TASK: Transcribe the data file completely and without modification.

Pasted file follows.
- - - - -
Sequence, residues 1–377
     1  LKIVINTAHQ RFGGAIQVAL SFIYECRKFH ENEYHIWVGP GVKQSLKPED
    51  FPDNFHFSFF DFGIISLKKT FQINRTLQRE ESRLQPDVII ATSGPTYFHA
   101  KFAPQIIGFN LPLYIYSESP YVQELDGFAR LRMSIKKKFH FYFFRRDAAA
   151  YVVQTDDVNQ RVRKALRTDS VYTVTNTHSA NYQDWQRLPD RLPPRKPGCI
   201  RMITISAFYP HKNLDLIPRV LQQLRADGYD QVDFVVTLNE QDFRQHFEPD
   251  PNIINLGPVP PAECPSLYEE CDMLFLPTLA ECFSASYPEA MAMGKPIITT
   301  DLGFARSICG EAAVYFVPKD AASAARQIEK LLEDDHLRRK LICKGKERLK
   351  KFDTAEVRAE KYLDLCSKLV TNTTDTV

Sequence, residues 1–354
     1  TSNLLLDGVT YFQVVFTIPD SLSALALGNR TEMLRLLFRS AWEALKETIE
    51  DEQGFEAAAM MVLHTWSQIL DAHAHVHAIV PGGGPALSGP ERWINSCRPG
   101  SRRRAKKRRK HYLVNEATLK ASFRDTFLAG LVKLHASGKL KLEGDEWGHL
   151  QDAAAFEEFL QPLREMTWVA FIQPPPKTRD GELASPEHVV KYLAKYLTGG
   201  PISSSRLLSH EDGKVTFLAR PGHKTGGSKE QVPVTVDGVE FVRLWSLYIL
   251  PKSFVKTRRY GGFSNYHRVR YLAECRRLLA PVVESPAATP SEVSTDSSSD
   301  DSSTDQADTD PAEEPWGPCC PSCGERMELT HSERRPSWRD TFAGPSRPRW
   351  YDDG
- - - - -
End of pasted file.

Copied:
Sequence, residues 1–377
     1  LKIVINTAHQ RFGGAIQVAL SFIYECRKFH ENEYHIWVGP GVKQSLKPED
    51  FPDNFHFSFF DFGIISLKKT FQINRTLQRE ESRLQPDVII ATSGPTYFHA
   101  KFAPQIIGFN LPLYIYSESP YVQELDGFAR LRMSIKKKFH FYFFRRDAAA
   151  YVVQTDDVNQ RVRKALRTDS VYTVTNTHSA NYQDWQRLPD RLPPRKPGCI
   201  RMITISAFYP HKNLDLIPRV LQQLRADGYD QVDFVVTLNE QDFRQHFEPD
   251  PNIINLGPVP PAECPSLYEE CDMLFLPTLA ECFSASYPEA MAMGKPIITT
   301  DLGFARSICG EAAVYFVPKD AASAARQIEK LLEDDHLRRK LICKGKERLK
   351  KFDTAEVRAE KYLDLCSKLV TNTTDTV

Sequence, residues 1–354
     1  TSNLLLDGVT YFQVVFTIPD SLSALALGNR TEMLRLLFRS AWEALKETIE
    51  DEQGFEAAAM MVLHTWSQIL DAHAHVHAIV PGGGPALSGP ERWINSCRPG
   101  SRRRAKKRRK HYLVNEATLK ASFRDTFLAG LVKLHASGKL KLEGDEWGHL
   151  QDAAAFEEFL QPLREMTWVA FIQPPPKTRD GELASPEHVV KYLAKYLTGG
   201  PISSSRLLSH EDGKVTFLAR PGHKTGGSKE QVPVTVDGVE FVRLWSLYIL
   251  PKSFVKTRRY GGFSNYHRVR YLAECRRLLA PVVESPAATP SEVSTDSSSD
   301  DSSTDQADTD PAEEPWGPCC PSCGERMELT HSERRPSWRD TFAGPSRPRW
   351  YDDG